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Sound [electronic resource].

By: Tyndall, John, 1820-1893.
Publisher: New York : D. Appleton & Co., 1915Edition: 5th ed.Description: xv, 464 p. ; cm.Subject(s): Sound | SoundAdditional physical formats: OriginalOnline resources: Fulltext available via EBSCOhost - Shibboleth login required Also issued in print.Summary: "The extracts here given from the prefaces to former editions will enable the reader to note what may be called the historic development of the present work. To each succeeding edition I have added an account of the more recent work done by myself and others. As stated elsewhere, the work has appeared in various languages, and, while subjected to justifiable criticism, it has been, on the whole, exceedingly well received. A reviewer of a French translation wrote complainingly of the absence of mathematics from the work. On the other hand, Helmholtz and Wiedemann, who supervised the German translation, wrote approvingly of the manner in which even the more difficult problems of acoustics had been dealt with by a purely experimental method. The learned Germans had seized my object more correctly than the French reviewer. To introduce mathematics into the volume would, from my point of view, have been to ruin it. Like my work on Heat, these lectures on Sound were intended to rouse the public mind to a sense of the interest and importance and, if possible, to the fascinations of physical science. My aim throughout has been to stimulate as much as to instruct"--Preface. (PsycINFO Database Record (c) 2011 APA, all rights reserved).
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E-BOOK E-BOOK Tavistock and Portman Library
electronic full-text resource
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Reprint of 1893.

Includes index.

"The extracts here given from the prefaces to former editions will enable the reader to note what may be called the historic development of the present work. To each succeeding edition I have added an account of the more recent work done by myself and others. As stated elsewhere, the work has appeared in various languages, and, while subjected to justifiable criticism, it has been, on the whole, exceedingly well received. A reviewer of a French translation wrote complainingly of the absence of mathematics from the work. On the other hand, Helmholtz and Wiedemann, who supervised the German translation, wrote approvingly of the manner in which even the more difficult problems of acoustics had been dealt with by a purely experimental method. The learned Germans had seized my object more correctly than the French reviewer. To introduce mathematics into the volume would, from my point of view, have been to ruin it. Like my work on Heat, these lectures on Sound were intended to rouse the public mind to a sense of the interest and importance and, if possible, to the fascinations of physical science. My aim throughout has been to stimulate as much as to instruct"--Preface. (PsycINFO Database Record (c) 2011 APA, all rights reserved).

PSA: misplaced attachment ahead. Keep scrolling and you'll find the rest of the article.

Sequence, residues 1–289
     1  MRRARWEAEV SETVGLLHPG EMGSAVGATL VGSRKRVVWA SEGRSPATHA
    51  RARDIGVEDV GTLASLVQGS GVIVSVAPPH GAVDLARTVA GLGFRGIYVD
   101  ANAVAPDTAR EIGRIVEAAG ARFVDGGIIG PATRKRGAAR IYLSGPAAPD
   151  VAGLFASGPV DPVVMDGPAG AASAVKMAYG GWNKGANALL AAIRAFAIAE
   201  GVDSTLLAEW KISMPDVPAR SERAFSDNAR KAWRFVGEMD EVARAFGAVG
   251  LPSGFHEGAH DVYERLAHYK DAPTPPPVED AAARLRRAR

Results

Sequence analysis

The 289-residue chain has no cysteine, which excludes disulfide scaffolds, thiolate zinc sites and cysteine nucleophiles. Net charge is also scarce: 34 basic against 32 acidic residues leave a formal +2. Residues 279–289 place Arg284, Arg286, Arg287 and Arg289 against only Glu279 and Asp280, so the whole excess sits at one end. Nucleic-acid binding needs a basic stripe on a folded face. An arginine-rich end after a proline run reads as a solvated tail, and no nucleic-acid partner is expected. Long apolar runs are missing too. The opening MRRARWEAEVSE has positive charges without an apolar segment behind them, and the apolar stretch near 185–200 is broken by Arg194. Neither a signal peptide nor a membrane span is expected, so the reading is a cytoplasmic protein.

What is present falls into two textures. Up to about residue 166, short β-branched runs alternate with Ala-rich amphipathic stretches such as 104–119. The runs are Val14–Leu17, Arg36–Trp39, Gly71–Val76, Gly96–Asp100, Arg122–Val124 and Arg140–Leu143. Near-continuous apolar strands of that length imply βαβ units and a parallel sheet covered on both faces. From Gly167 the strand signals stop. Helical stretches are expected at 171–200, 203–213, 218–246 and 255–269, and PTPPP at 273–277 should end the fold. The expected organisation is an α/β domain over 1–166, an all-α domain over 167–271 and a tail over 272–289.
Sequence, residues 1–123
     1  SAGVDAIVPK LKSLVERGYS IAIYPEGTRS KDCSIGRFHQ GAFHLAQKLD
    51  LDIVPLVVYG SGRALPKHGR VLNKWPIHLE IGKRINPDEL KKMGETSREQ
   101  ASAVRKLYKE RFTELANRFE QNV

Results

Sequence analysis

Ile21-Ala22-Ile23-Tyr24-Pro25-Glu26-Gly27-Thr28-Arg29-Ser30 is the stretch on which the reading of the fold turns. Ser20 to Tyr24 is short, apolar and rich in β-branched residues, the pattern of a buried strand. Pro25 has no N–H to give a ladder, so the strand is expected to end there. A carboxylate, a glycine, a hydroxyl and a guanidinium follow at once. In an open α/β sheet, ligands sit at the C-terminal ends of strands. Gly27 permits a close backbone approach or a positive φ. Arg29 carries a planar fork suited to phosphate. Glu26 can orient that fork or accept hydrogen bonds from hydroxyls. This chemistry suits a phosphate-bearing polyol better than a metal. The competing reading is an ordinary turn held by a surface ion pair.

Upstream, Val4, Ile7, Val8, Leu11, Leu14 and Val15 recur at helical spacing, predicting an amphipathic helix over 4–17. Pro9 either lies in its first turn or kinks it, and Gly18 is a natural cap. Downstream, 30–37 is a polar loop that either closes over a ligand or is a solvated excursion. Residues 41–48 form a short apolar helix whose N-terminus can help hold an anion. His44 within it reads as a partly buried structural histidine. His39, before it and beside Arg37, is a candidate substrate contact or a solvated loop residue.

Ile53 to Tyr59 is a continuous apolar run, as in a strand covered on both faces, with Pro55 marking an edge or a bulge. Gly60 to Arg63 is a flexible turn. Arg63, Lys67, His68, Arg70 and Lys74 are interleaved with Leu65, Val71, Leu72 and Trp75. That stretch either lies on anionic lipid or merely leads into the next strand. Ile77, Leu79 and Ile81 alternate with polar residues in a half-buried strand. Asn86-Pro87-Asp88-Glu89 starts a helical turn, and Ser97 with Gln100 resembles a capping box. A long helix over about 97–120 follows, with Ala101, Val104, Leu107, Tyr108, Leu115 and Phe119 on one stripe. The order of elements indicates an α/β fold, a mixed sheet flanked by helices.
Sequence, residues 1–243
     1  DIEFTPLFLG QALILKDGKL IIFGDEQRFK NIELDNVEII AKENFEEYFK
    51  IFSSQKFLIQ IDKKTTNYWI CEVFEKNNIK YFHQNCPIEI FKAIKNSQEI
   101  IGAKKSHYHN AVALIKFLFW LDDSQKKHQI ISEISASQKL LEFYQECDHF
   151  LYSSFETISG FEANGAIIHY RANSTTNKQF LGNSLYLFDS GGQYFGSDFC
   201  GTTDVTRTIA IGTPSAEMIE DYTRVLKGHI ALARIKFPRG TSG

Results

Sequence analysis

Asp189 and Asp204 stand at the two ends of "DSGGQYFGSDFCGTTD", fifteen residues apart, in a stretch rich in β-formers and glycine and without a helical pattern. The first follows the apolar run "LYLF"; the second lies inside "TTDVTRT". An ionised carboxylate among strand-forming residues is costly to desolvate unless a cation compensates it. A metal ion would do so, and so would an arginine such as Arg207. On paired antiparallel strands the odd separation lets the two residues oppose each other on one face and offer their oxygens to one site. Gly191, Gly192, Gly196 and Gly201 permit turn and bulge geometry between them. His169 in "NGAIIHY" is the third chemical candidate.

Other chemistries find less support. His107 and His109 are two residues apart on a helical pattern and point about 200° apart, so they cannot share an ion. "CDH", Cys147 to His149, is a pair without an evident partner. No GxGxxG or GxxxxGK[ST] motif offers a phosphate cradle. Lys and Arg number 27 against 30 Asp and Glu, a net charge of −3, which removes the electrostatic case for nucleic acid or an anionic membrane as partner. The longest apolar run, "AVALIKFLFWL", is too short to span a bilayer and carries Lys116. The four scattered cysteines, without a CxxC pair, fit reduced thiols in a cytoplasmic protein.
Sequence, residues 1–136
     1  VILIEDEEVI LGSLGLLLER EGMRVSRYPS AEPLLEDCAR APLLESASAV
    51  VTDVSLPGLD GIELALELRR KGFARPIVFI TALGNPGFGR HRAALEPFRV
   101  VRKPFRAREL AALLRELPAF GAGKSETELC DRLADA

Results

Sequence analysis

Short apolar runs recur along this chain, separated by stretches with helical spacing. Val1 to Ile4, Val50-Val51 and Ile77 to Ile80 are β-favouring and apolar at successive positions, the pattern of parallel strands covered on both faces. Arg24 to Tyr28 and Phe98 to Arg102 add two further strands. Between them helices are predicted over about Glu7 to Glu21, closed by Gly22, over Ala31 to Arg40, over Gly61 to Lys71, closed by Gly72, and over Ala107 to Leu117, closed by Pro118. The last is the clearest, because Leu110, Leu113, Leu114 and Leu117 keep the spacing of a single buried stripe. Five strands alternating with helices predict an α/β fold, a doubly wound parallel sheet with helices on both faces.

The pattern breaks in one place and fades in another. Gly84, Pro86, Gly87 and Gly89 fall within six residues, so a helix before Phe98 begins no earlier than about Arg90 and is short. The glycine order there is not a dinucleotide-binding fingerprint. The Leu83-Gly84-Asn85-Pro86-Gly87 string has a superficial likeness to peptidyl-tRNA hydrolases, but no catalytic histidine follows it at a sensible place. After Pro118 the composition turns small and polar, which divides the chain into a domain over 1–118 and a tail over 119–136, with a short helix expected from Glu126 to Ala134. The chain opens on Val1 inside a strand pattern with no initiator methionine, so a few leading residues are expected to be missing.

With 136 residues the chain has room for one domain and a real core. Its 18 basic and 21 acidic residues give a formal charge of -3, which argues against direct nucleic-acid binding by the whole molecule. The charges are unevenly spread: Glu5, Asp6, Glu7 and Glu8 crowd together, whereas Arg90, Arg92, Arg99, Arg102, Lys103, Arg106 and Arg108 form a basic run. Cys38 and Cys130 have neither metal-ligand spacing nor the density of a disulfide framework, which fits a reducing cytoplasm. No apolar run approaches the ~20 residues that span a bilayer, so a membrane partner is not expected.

Also issued in print.

Electronic reproduction. Washington, D.C. : American Psychological Association, 2012. Available via World Wide Web. Access limited by licensing agreement. s2012 dcunns

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